In yesterday’s post, “Can Teachers Be Bullies?” we learned that obese children and youth are often bullied by teachers who use the power vested in them to unreasonably and unfairly manipulate, disparage, humiliate, and punish students. We speculated on why some teachers are bullies, wondering if it is because they themselves were bullied.
Peter Fonagy, Ph.D., says yes. Teachers who make overweight kids’ lives miserable were often treated badly themselves as children — not necessarily for weight issues, but bullies have never run short of excuses. Dr. Fonagy says,
If your early experiences lead you to expect that people will not reason, but respond to force, then you are at risk of recreating this situation in your classroom.
A number of factors could be involved. The teaching profession is no bed of roses. Like everyone else, teachers have difficulties with their spouses, kids, and parents. They have health problems, financial shortfalls, self-esteem issues, substance-abuse problems, and all the other typical human woes.
Of course there is no excuse for picking on students, but plenty of accumulated free-floating unhappiness is out there, waiting to be passed along to the next generation. Katherine Kam wrote for WebMD,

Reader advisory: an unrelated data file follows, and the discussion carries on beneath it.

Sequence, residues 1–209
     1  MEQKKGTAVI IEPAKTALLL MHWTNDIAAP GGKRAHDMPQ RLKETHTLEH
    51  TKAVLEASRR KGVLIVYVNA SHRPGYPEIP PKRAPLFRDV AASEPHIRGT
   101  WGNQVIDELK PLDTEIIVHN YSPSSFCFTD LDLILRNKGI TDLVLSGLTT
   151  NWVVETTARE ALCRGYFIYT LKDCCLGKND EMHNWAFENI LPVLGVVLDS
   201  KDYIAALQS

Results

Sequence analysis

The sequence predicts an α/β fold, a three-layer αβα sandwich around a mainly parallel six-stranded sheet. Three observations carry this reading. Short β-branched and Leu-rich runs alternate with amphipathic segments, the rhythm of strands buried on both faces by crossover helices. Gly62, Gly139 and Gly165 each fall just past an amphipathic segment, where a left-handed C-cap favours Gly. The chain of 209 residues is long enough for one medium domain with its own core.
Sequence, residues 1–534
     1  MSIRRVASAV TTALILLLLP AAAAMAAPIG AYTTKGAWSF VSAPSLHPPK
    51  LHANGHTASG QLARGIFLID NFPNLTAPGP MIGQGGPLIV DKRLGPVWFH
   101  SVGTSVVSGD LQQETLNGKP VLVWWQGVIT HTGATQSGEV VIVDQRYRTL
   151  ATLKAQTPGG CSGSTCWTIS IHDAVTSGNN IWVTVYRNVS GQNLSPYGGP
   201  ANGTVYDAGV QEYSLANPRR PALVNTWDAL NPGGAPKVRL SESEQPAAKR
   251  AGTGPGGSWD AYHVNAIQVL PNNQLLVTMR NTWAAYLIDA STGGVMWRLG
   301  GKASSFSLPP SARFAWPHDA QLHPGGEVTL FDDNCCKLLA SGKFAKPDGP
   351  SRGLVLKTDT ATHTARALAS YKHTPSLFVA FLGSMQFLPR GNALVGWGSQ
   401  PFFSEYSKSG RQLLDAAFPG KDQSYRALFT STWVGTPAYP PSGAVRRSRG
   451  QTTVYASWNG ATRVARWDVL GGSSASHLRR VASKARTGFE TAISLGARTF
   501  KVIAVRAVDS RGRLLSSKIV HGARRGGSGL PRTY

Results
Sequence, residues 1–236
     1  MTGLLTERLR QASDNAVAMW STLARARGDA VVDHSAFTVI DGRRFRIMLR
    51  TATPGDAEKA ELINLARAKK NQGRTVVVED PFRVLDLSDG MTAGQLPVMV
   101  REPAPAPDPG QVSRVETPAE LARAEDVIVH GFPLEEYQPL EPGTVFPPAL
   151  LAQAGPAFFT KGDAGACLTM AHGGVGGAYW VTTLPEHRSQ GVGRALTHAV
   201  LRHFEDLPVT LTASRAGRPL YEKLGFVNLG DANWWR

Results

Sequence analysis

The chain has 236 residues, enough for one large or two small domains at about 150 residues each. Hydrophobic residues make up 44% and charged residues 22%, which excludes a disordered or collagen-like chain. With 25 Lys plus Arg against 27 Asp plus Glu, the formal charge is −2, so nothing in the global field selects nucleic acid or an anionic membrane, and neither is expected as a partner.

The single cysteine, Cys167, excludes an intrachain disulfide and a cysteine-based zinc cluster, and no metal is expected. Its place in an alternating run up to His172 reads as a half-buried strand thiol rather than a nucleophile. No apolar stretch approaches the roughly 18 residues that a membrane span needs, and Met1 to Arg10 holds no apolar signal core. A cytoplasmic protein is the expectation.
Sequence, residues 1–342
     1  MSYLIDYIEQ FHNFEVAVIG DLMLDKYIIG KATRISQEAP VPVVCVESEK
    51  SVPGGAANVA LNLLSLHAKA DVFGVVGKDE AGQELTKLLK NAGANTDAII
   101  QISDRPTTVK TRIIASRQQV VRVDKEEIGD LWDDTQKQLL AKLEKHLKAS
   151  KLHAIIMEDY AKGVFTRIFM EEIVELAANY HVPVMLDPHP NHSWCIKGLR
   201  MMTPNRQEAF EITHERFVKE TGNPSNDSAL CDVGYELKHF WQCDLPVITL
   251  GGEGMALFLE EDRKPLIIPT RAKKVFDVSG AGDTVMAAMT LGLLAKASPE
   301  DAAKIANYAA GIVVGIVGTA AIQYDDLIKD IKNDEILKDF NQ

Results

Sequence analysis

A student may remind them of someone they dislike. Or, in a surprising reversal of the “teacher’s pet” syndrome, insecure teachers may bully bright students out of envy.
And before anyone has a chance to mount the high horse of righteousness, absorb this: Between male and female teachers, by their own admission, the potential to engage in bullying behavior is equally shared.
Back in 2006, Dr. Fonagy and Dr. Stuart Twemlow published, in the International Journal of Social Psychiatry, their report of a study based on an anonymous survey of 116 elementary teachers from seven different schools. Forty-five percent of the respondents admitted to having bullied at least one student. That’s almost half!
The researchers did point out that in many schools, some students are so aggressive and belligerent that educators are concerned for their own physical safety — so they put up a tough front as a preventive measure. In many cases, this involves preemptive bullying.
According to Dr. Twemlow, the majority of bullying teachers fall into the former victim category, and tend more toward absenteeism and avoidance, dealing with disciplinary matters by making referrals to their principals. Only a small minority are truly sadistic types who derive twisted pleasure from hurting the feelings of students. In an ideal world, he says, there would be a way to screen out the “nightmare teachers” who thrive on their power to cause psychological damage.
The good news is that the former victim types are more amenable to interventions, like additional training in classroom management. The article we are referencing here also includes hints usable by parents and students, for dealing with bullying teachers.
Your responses and feedback are welcome!
Source: “Nearly half of elementary school teachers admit to bullying,” EurekAlert.org, 06/28/06
Source: “Teachers Who Bully,” WebMD.com, 2006
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